Other reefs in the area have been damaged by fishing, sewage pollution, cruise ships and divers, soil washing in from deforested areas and record high temperatures.

Some of the reefs show recolonisation by soft corals, but these corals do not build new reefs.

Across the globe a red tide killed 400 km of reef off Sumatra. Smoke from the Indonesian fires deposited nutrients in the water, triggering algae bloom, which used up the oxygen in the water and so killed coral organisms and fish.

New Scientist 26 July and 23 Aug 03

Recycling Plastic Bags

All film plastics (eg; bread bags, glad wrap, grocery shopping bags and other plastic shopping like DJ�s and Grace Brothers) can all be placed in the recycling collection bin at Coles and Woolworths supermarkets throughout Canberra only.

They cannot be placed in the domestic collection system because:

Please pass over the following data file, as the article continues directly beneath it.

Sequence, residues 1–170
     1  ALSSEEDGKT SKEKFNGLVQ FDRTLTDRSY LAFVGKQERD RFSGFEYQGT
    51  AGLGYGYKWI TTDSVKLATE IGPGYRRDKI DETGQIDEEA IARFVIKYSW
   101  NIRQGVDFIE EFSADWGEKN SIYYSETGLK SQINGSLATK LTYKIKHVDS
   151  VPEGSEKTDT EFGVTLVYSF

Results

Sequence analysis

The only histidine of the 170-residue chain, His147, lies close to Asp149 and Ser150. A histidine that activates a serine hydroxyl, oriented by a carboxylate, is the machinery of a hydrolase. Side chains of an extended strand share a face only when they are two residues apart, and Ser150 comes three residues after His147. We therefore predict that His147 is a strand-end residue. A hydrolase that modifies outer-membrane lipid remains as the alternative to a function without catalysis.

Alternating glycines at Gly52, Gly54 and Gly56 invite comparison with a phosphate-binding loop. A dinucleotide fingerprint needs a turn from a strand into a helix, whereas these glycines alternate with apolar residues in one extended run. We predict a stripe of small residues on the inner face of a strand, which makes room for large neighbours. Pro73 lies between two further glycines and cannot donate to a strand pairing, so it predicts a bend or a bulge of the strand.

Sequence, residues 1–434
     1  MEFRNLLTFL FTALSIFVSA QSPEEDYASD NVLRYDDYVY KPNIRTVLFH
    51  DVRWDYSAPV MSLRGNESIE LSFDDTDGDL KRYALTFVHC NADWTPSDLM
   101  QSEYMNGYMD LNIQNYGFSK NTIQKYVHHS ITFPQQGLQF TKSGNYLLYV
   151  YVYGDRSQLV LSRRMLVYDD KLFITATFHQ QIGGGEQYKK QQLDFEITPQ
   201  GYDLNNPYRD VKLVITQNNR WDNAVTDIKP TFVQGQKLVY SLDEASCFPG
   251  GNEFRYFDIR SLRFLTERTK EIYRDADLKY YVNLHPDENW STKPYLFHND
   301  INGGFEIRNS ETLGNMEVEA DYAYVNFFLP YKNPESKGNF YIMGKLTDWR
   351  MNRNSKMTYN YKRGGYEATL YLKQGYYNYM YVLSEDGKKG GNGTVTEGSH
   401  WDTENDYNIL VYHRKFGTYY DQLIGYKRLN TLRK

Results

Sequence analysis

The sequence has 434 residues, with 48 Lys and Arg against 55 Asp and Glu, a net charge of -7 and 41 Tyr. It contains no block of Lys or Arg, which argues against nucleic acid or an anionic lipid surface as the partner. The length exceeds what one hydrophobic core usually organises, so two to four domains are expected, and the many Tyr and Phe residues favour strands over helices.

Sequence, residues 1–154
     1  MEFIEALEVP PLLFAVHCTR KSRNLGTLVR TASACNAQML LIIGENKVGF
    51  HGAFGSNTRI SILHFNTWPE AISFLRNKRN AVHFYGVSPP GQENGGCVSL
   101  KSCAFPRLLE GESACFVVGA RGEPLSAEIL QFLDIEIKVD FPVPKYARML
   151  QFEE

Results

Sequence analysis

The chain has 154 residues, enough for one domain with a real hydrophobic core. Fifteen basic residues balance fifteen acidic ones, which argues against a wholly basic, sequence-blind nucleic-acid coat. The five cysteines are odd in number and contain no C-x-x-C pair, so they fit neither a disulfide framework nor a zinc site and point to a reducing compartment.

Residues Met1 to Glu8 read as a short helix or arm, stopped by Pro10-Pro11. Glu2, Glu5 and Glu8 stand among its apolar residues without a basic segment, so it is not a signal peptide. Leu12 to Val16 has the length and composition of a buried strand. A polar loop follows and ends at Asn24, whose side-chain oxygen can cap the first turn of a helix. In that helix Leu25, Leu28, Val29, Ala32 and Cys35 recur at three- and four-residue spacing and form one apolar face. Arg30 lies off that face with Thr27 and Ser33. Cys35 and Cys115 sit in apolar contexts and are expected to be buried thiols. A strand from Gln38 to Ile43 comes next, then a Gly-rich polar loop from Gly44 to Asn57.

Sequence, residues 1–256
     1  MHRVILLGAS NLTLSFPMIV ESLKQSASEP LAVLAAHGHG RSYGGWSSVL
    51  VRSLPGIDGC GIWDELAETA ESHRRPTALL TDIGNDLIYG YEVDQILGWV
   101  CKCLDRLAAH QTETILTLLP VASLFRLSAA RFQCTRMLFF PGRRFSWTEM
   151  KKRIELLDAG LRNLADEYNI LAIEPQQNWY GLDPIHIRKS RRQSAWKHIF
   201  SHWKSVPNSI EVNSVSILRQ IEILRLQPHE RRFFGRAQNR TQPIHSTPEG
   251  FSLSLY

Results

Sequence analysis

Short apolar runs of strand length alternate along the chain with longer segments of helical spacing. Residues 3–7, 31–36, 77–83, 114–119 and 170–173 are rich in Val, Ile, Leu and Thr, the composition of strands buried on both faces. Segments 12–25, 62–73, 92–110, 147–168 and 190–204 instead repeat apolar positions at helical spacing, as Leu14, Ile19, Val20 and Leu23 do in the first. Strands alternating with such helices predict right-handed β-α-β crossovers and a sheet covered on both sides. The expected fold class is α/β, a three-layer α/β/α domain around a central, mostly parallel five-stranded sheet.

1. They contaminate the paper
  2. People will then think they can wrap their recyclables in a plastic bag before placing in the recycling bin
  3. Because they weigh so little, it is not economically viable to collect them at kerbside as they take the space of more valuable materials.

Therefore you could arrange for these to be collected in your school and have someone collect them and place them in those bins for recycling. A good website with more information is www.cleanup.org.au/main.asp

Recycling Paper with Paint on it

Yes, you can recycle paper with paint on it as the paint is washed off during the recycling process.

Hope you�re having fun being Waste Wise!

Vanessa Whelan, Education Officer

Back to Top